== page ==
The article presents a summary of controlled pharmacotherapy trials for the treatment of mood disorders in children and adolescents. This entry also includes information on the pharmacotherapy for depressive disorders and bipolar disorders. It also discusses pharmacotherapy of children at...

  • Treatment of recurrent depression: a sequential psychotherapeutic and psychopharmacological approach. Fava, Giovanni A.; Ruini, Chiara; Sonino, Nicoletta // CNS Drugs;2003, Vol. 17 Issue 15, p1109 

    The chronic and recurrent nature of major depressive disorder is receiving increasing attention. Approximately eight of ten people experiencing a major depressive episode will have at least one more episode during their lifetime, i.e. recurrent major depressive disorder. In the 1990s, prolonged...

  • Vasopressin Antagonists as Anxiolytics and Antidepressants: Recent Developments. Simon, Neal G.; Guillon, Christophe; Fabio, Karine; Heindel, Ned D.; Lu, Shi-fang; Miller, Marvin; Ferris, Craig F.; Brownstein, Michael J.; Garripa, Carrie; Koppel, Gary A. // Recent Patents on CNS Drug Discovery;Jun2008, Vol. 3 Issue 2, p77 

    A compelling case for the potential utility of vasopressin (AVP) antagonists as a novel therapeutic class for the treatment of stress-related affective illness has emerged based on observations in depressed individuals, findings in animal models of anxiety and depression, and an understanding of...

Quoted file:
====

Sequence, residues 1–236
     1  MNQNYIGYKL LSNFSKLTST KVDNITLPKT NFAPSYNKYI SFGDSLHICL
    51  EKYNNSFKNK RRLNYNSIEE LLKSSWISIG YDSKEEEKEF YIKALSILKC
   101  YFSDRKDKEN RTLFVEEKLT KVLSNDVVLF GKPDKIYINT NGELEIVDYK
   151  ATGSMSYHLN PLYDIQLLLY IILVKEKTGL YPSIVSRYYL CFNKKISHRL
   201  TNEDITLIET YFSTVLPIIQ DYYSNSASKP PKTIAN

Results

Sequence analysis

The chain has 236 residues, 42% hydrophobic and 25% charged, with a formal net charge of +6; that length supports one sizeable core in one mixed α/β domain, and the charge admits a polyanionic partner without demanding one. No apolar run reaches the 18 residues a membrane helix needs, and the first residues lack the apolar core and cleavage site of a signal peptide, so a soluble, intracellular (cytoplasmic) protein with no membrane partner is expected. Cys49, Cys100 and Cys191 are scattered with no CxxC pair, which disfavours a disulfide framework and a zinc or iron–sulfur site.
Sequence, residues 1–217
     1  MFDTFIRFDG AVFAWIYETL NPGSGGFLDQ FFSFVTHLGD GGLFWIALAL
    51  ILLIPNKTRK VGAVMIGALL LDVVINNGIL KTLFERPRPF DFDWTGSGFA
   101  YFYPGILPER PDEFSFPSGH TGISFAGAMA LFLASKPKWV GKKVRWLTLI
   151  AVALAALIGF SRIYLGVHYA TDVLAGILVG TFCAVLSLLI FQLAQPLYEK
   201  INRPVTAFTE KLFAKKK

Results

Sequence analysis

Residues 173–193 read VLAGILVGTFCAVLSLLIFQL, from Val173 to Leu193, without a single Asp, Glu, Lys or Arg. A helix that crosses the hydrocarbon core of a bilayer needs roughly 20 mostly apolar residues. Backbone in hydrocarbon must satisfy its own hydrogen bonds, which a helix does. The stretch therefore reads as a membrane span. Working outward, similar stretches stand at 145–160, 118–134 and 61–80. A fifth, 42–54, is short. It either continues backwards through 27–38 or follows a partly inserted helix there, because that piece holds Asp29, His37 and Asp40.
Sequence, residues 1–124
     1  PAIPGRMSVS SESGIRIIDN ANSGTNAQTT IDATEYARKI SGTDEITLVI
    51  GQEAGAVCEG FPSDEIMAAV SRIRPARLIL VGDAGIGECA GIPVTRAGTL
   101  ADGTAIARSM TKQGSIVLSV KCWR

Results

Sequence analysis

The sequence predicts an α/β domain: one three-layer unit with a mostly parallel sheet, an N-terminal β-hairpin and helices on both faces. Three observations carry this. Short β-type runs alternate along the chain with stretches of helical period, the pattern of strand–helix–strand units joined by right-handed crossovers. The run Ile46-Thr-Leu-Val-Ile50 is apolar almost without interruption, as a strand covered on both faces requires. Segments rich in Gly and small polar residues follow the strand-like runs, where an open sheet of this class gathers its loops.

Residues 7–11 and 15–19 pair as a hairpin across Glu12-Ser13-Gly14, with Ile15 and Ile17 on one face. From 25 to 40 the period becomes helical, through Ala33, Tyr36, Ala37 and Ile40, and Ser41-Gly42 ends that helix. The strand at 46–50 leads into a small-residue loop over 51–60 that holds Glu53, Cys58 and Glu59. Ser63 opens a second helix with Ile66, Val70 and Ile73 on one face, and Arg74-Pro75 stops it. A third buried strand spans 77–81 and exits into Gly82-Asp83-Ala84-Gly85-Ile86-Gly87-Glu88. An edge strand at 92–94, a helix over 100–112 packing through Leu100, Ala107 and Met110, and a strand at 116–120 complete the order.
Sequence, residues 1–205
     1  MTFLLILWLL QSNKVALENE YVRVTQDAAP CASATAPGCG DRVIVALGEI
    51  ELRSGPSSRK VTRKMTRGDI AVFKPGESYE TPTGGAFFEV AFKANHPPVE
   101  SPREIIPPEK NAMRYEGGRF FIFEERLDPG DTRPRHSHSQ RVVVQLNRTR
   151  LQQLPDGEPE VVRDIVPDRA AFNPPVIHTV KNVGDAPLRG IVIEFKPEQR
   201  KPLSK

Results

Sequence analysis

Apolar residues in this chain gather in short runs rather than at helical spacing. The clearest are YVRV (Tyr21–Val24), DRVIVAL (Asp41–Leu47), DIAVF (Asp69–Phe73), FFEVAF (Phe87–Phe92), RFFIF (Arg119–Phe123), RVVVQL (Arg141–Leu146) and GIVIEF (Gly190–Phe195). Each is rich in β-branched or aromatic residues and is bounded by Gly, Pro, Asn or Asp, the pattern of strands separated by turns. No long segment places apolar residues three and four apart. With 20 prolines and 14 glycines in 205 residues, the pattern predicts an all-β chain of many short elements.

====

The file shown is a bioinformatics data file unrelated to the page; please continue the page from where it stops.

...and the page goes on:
• Bupropion.  // AHFS Consumer Medication Information;Dec2014, p1 

    Bupropion (Aplenzin, Wellbutrin, Wellbutrin SR, Wellbutrin XL) is used to treat depression. Bupropion (Wellbutrin XL) is also used to treat seasonal affective disorder (SAD; episodes of depression that occur in the fall and winter each year). Bupropion (Zyban) is used to help people stop...

  • Issues in treating depression in primary care. Horn, Neil R. // CME: Continuing Medical Education;Apr2012, Vol. 30 Issue 4, p131 

    The article focuses on new information about the effectiveness of antidepressants (ADs) and psychological therapies for treating depression. In persons with mild depression, it is reasonable to postpone the use of ADs and to offer psychological therapies. The preferred goal of treatment is...

  • Antidepressant Drug Effects and Depression Severity. Fournier, Jay C.; DeRubeis, Robert J.; Hollon, Steven D.; Dimidjian, Sona; Amsterdam, Jay D.; Shelton, Richard C.; Fawcett, Jan // JAMA: Journal of the American Medical Association;1/6/2010, Vol. 303 Issue 1, p47 

    The article focuses on a study which estimated the relative benefit of medication versus placebo across a wide range of initial symptom severity in patients diagnosed with depression using information from several databases, which include the Cochrane Library database. The study observed that as...

  • Pharmacologic Treatment of Psychotic Depression. Kripke, Clarissa // American Family Physician;6/1/2006, Vol. 73 Issue 11, p1935 

    The article discusses a study which suggested a treatment for depression with psychotic features. An antidepressant such as imipramine or sertraline was recommended for treating psychotic depression. Details of how the study was conducted are given. Importantly, this article states the...

Share

Read the Article

Courtesy of THE LIBRARY OF VIRGINIA

Sorry, but this item is not currently available from your library.

Try another library?
Sign out of this library

Other Topics